Review: Stellar Cast Aside, “It's Only a Play” Tries a Bit Too Hard to Be Funny

“It’s Only a Play” makes for an exciting way to spend a night, but keep your expectations in check.

This season’s hottest ticket—it’s just opened at the Gerald Schoenfeld Theatre—is a behind-the-scenes Broadway satire starring a murderer’s row of talent, each in roles that hew closely to the parts that made us love them in the first place. See Mullally, Megan: Karen onWill & Grace.”

It’s also trying to be too many things to too many people, and occasionally tripping over itself in the process.

Playwright Terrence McNally has updated the jokes since “It’s Only a Play” first appeared Off-Off-Broadway in 1982, so James Franco and Shia LaBeouf are now punchlines; Linda Hunt and Charles Nelson Reilly are out. The barbs fly fast and furious, and many fall a notch below Borscht Belt levels: “New York without the theater is Newark,” opines frustrated playwright Peter Austin (Matthew Broderick, taking milquetoast to new heights).

Every kind of character in the vast Broadway Industrial Complex eats crow in McNally’s well-intentioned comedy of fragile egos, which takes place entirely in the boudoir of fledgling producer Julia Budder (Mullally, again playing a New Yorker with too much money on her hands).

Julia, along with her insecure playwright; his best friend, a TV star (Nathan Lane); the play’s leading lady (Stockard Channing, in an ankle bracelet); a theater critic (F. Murray Abraham); and the fresh-faced rent-a-butler (the talented Micah Stock) are on pins and needles (and the occasional quaalude) ahead of reviews for Peter’s new “American” play—wait for it—“The Golden Egg.”

Mullally’s hold-her-head-high producer has sass, but less edge than Karen Walker, of “Will & Grace.” I kept wishing for a sharpness that never materialized, particularly in McNally’s meandering second act.

As James Wicker, the TV star wooed back from L.A. to toast his friend Peter’s opening, Lane’s performance—he’s essentially playing himself—is the most consistently funny, particularly in an ongoing joke about the actor’s masculinity (Mullally and Lane are pictured, below).

Channing, as felonious actress Virginia Noyes, mugs her way through some pretty good one-liners as an old pro who hoped the show would rehab her reputation. Kudos to the sardonic stage vet, who’s doing the whole thing with an injured knee.

F. Murray Abraham seems to be having a swell time as snide critic Ira Drew, who has his own unprofessional agenda for the night—I dare you not to think of his Antonio Salieri! Also going along giddily is Rupert Grint, the one-time “Harry Potter” actor, as the wunderkind director who just once would really love … a flop. Grint makes a hilarious un-Ron Weasley-like entrance, and then tears through the rest of the production behaving like a cross between Billie Joe Armstrong and Richard Branson.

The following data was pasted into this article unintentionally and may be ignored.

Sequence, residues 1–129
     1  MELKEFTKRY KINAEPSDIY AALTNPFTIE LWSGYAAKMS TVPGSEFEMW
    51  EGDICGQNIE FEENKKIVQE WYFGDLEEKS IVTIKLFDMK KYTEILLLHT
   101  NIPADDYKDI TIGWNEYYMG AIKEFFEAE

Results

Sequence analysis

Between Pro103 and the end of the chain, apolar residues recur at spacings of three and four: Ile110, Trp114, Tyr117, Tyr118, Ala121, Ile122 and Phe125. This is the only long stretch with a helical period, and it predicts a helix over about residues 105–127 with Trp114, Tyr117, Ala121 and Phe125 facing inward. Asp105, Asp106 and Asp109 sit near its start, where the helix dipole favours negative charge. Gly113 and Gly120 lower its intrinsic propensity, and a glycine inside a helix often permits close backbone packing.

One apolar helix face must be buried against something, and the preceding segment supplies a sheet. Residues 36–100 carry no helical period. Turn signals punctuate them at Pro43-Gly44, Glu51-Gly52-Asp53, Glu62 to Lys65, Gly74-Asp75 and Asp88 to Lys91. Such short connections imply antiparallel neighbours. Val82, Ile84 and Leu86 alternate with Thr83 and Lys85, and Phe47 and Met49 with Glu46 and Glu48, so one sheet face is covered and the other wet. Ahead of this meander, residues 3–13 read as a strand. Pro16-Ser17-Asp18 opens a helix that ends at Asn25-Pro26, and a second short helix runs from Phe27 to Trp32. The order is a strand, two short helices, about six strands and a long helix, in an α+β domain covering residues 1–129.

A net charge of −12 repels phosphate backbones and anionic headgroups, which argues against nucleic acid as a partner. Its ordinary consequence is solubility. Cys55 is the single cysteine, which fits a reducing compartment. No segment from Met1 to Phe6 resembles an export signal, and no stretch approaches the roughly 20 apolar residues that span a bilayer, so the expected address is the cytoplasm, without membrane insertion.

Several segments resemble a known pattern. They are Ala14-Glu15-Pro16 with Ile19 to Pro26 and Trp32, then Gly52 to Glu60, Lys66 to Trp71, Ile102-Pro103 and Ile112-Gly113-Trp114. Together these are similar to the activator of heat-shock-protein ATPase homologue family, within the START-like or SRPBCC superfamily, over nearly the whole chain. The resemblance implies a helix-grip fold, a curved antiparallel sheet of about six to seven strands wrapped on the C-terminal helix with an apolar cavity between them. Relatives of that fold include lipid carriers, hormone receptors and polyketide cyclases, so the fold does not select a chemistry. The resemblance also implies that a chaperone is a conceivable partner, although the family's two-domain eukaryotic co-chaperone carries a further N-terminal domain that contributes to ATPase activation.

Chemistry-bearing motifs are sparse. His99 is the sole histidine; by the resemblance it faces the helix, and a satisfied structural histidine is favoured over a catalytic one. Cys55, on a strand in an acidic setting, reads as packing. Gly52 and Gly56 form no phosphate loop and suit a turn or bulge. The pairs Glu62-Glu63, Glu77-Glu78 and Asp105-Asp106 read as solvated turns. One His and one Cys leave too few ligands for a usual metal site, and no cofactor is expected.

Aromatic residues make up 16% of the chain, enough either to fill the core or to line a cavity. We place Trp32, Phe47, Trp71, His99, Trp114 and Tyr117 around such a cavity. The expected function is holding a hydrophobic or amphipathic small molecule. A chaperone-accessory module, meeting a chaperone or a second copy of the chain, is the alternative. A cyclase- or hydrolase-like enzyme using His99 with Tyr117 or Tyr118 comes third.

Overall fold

With these marquee stars, you might assume “It’s Only a Play” is aimed squarely at theatergoers looking for a safe night on the town. I guess the idea is to offer a smorgasbord of material and hope for the best, but I suspect most audience members will walk out having gotten perhaps half the jokes.

The piece name-drops Tommy Tune and Tovah Feldshuh and tosses in tired material about Chita Rivera and Rita Moreno; its nods to “A Delicate Balance” and “The Elephant Man” border on obscure. Are the folks lining up for another Lane-Broderick teaming going to follow a one-liner about "Moose Murders,” the 1983 play considered one of the Rialto’s greatest flops?

Theater insiders, on the other hand, will guffaw at the inside cracks about online Broadway chat rooms, but many will feel “It’s Only a Play” lazily misses its mark. Are the people who would get a “Moose Murders” joke going to find tolerable a bit that has Broderick’s playwright revealing the things he’d do for a “good” review: “Put a bag over your head and I’d f—- you, for one,” Peter says to Abraham’s infamous critic. Zoinks.

All that said, there’s also one other thing “It’s Only a Play” is: Review-proof. The comedy, directed by Jack O’Brien, will mint money for its myriad producers (“I am no longer part of the herd of investors who call themselves producers,” Julia says, in one of the play’s sharper observations about the changing industry: “When they call the Tony Award for Best Play, it will be just me going to the podium.”).

Indeed, we high-minded reviewer types will just have to sniff at the sometimes mediocre material … while counting our blessings at having scored free press tickets to the most in-demand show of the fall. In keeping with the self-deprecating spirit of “It’s Only a Play,” I offer this admission: There’s no reason theater reviewers shouldn’t be exposed for the occasionally freeloading louts we are.

“It’s Only a Play,” through Jan. 4, 2015 at the Gerald Schoenfeld Theatre, 236 W. 45th St. Tickets: $72-$147. Call Tele-charge, 212-239-6200.

Follow Robert Kahn on Twitter@RobertKahn

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